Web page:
Logan Creek, near Logan Gap
2010 Aquatic Ecosystem Condition Report
- Dry in autumn and consisting of saline, isolated pools in spring.
- Sparse macroinvertebrate community with no rare or sensitive species.
- Obvious signs of gross nutrient enrichment.
- Riparian vegetation limited to introduced grasses and weeds.
About the location
Logan Creek is a small stream in the Mid North region. It drains the north-eastern side of the Tothill Ranges and flows in a northerly direction before discharging into Burra Creek. The major land use is sheep grazing.
The monitoring site was located on a track off the Koo-owie Gap Road, about one kilometre north-east of Logan Gap.
The creek was given a Poor rating because the site sampled showed evidence of major changes in ecosystem structure and moderate changes to the way the ecosystem functions. There was considerable evidence of human disturbance, including nutrient enrichment, fine sediment deposition and degraded riparian vegetation.
A sparse community of about 14 species of macroinvertebrates was collected from isolated pools, up to two metres wide and 35 centimetres deep, in spring 2010; the site was dry in autumn. The community was dominated by species tolerant to poor water quality such as mosquitoes and chironomids (including Chironomus and Cricotopus). It also included smaller numbers of mites, amphipods, beetles, brineflies and waterbugs. No rare or sensitive species were found and the site was notable for the absence of any mayflies, stoneflies, caddisflies or odonates.
The water was saline (salinity of 4,719 mg/L), well oxygenated (118% saturation) and clear, with high concentrations of nutrients such as nitrogen (1.61 mg/L) and phosphorus (0.1 mg/L.
The sediments were dominated by detritus and silt; samples taken from below the surface were blackened, sulphidic and anaerobic, indicating that too much organic matter had entered the creek in the past. A deposit of 1–5 centimetres of silt covered the creekbed in places.
A large amount of phytoplankton was recorded and filamentous algae (Spirogyra) covered more than 10% of the pools in spring. Over 65% of the site was covered by aquatic plants, including Common Reed (Phragmites australis), Sea Club-rush (Bolboschoenus caldwellii) and sedges (Cyperus).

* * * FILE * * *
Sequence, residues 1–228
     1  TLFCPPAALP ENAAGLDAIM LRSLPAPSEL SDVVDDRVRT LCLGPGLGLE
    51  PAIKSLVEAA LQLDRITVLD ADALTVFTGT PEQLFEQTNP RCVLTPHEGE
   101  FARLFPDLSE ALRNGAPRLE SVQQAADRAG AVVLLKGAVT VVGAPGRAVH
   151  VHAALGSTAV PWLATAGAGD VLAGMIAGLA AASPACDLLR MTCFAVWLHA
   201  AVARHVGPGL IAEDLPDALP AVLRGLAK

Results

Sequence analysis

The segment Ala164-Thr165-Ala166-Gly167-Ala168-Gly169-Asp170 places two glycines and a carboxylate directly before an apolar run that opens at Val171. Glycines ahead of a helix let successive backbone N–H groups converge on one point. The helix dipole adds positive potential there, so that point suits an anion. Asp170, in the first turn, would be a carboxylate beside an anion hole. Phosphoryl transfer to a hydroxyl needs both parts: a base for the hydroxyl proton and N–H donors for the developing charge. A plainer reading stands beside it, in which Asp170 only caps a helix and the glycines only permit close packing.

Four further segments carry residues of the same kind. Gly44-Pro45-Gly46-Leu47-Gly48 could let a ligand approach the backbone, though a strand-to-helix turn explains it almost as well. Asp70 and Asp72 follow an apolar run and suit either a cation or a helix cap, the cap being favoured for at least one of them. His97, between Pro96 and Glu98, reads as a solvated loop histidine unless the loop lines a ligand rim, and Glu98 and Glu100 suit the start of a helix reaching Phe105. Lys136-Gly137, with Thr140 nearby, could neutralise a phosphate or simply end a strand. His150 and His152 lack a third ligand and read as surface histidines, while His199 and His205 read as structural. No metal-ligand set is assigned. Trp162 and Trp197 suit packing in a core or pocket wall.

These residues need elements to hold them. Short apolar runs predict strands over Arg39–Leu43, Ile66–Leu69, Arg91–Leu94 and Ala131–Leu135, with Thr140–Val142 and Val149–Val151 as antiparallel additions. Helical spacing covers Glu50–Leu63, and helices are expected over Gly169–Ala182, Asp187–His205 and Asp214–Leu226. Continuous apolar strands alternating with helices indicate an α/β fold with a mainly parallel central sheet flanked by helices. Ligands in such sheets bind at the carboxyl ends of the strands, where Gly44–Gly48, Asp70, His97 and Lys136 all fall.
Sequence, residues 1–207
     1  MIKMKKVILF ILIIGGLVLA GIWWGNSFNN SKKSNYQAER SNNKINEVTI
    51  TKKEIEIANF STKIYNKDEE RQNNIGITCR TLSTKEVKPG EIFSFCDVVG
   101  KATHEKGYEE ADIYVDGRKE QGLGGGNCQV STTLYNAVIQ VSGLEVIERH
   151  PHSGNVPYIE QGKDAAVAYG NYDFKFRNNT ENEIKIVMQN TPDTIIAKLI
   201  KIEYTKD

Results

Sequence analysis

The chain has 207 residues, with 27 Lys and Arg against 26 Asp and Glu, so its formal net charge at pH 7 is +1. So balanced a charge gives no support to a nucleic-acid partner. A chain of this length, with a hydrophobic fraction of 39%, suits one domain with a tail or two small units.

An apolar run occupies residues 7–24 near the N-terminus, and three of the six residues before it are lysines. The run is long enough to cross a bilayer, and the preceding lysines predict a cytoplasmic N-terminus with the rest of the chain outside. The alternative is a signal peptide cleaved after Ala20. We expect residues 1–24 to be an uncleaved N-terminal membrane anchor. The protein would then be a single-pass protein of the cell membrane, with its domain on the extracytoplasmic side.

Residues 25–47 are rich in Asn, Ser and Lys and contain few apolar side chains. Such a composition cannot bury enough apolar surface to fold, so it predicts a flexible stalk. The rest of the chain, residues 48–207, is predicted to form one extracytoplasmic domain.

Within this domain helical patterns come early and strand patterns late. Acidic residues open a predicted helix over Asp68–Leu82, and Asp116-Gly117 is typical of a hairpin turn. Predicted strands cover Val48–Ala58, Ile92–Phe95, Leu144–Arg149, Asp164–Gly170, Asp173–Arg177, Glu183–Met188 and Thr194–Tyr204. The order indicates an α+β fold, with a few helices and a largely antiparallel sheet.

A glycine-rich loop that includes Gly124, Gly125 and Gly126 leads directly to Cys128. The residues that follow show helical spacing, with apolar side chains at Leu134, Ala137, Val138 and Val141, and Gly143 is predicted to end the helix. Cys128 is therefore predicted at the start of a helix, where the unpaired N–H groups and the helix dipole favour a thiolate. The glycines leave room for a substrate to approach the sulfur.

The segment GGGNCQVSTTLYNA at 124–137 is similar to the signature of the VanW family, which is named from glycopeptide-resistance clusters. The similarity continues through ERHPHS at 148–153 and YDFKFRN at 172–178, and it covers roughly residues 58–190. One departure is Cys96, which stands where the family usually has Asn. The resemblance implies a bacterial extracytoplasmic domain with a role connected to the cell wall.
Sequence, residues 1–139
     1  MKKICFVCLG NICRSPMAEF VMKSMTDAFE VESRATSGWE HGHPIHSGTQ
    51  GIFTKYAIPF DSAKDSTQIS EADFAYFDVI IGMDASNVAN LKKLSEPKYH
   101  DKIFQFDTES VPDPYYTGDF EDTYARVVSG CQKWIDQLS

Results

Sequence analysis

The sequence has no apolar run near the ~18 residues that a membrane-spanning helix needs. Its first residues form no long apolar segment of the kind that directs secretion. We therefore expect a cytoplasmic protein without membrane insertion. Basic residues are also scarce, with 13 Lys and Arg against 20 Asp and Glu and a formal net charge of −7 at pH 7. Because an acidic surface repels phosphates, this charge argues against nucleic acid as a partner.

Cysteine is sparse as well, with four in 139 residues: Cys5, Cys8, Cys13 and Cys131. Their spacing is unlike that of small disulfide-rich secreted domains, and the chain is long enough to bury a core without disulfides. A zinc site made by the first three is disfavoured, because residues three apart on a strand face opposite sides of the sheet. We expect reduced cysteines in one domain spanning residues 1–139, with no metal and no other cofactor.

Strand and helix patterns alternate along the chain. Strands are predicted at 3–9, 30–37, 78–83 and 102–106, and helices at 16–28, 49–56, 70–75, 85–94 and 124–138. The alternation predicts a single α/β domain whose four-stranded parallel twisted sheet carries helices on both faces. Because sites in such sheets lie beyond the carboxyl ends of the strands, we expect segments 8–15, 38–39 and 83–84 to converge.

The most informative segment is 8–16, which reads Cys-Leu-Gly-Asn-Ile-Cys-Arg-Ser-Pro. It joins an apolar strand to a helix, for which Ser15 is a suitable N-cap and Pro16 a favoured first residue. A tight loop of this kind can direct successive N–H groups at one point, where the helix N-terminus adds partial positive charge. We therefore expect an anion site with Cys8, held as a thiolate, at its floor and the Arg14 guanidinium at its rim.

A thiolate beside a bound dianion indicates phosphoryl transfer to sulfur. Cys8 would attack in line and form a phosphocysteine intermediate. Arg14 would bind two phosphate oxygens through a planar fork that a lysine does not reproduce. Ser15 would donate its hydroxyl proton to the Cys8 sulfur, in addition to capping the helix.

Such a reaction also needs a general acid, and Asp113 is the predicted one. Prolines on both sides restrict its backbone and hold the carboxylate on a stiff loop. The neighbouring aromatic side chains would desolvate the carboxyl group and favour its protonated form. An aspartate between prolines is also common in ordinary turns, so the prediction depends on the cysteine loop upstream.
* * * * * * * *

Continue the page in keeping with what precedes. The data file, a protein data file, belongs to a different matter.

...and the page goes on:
The riparian zone consisted of introduced grasses and thistles. No trees or shrubs were present. The surrounding vegetation was cropping and grazing land.
Special environmental features
Pressures and management responses
|Livestock have direct access at the site and upstream, causing sediment erosion and adding excessive nutrients (which leads to habitat disturbance, algal growth and aquatic weeds).||The SA Murray–Darling Basin NRM Board acknowledges the significant impacts that livestock have on aquatic environments and seeks to provide free technical advice and incentives to land managers for fencing and other works as funding permits. Funding incentives are limited in value and extent and require land managers to volunteer to be involved.|
|Limited riparian vegetation at the site and upstream, providing minimal buffer protection from catchment landuses (reducing habitat quality).||The SA Murray–Darling Basin NRM Board recognises that the management of riparian vegetation requires a long-term, integrated approach to achieve ecosystem benefits. The board therefore provides free technical advice on a range of topics for land managers and various incentives for works as funding permits.|
|Widespread introduced trees and weeds in the riparian zone at the site and upstream in the catchment (reducing habitat quality).||The SA Murray–Darling Basin NRM Board recognises the limitations of available funds relative to the scale of the degradation caused by introduced trees and weeds. The NRM Board provides free technical advice and community education to assist land managers in dealing with the integrated management of aquatic weeds. The NRM Board also has a targeted process, as directed by State Government, to strictly prioritise its investment in weed control activities as funds are limited. The NRM Board actively seeks funding opportunities for weed control; most opportunities are for locations where biodiversity outcomes can be achieved.|